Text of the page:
Tuesday, February 8, 2011

I Don't Care About Your Band

I'm not sure if it's that February is the month for lovers, or my recent dating demise, but for some reason this month, I have the urge to write about matters of the heart. I think when you are dealing with such issues, the only good way to do so is with a bit of humor. I mean, if we cant laugh it off, what is the point?

Last summer I read a hilarious book, on this particular subject: I Dont Care About Your Band - What I Learned from Indie Rockers, Trust Funders, Pornographers, Felons, Faux Sensitive Hipsters, and Other Guys I've Dated by Julie Klausner. It's the true story of comedy writer Julie Klausner's rocky road to "romantic enlightenment." It's described as a book about the humiliations we endure to find love and the lessons that can be culled from the wreckage.

I think this book is what I hope portions of this blog to be - a comedic look into insights of dating the interesting, damaged and crazy characters out there. I'm far from a comedian, but she is ...funny. Check it out.

Some of my favorite quotes from this book:
  • (Theory on guys vs. women): A man is hard to find, good or otherwise, but guys are everywhere now...Meanwhile, I know way more women than girls...The problem is that we ended up at the mercy of a generation of guys who don't quite seem to know what's expected of them, whether it's earning a double income or texting someone after she blows you. There are no more traditions or standards, and manners are like cleft chins or curly hair - they only run in some families....It seems like everybody is just confused.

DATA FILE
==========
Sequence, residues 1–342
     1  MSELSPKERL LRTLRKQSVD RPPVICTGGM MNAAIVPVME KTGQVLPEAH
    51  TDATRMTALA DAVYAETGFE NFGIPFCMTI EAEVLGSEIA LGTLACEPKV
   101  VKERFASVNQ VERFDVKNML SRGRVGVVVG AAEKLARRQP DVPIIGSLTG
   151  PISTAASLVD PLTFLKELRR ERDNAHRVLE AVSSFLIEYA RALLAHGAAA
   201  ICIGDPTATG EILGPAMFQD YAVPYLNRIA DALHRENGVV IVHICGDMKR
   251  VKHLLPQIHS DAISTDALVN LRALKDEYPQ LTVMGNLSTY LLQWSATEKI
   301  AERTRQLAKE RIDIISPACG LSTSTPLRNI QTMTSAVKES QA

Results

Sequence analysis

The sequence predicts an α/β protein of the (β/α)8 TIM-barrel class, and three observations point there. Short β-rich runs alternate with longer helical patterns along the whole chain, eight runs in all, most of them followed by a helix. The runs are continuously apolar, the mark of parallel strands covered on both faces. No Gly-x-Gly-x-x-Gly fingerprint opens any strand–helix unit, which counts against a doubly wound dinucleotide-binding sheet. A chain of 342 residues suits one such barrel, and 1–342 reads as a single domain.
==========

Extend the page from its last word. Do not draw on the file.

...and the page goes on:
• As long as I can remember, I've had to fight off urges to chase and conquer boys who seem blase. It's decidedly unladylike.
  • When you're young, and you're habitually dating the damaged, and they don't come through, you have to make the conscious choice to separate the columns in your head that say "This is who i am" and This is how I am being treated." And then you have to figure out how to let go of somebody who's gone, not because your pacified in the realization that you're not liked, but because you figure out that maybe you're the one who doesn't like him. Not just how he acts, but who he is. And then you have to decide if you want to keep going out with guys you don't think are great, or if you like yourself enough to hang out for a while on your own.
  • Being the only girl seems like an awful lot of attention, and I was used to feeling like I did backflips for the interest of the one attractive guy who came around every second solstice.
  • That's a rule I made up that I think is a good one: If I'm iffy about being attracted to somebody right away, but he goes about pursuing me in a way I think is upstanding, I always give the guy a second chance. It's a way to be strict about your standards, but open-minded about your contenders. Men are way more likely to become more appealing to you over time than they are to magically grow manners.
There are some other funnier, raunchier quotes and insights in this book. But I'll leave that up to you to explore in due time. And one of these days I'll get back to my own writing. For now, though, I'm reflecting on thoughts from those far wiser than me.

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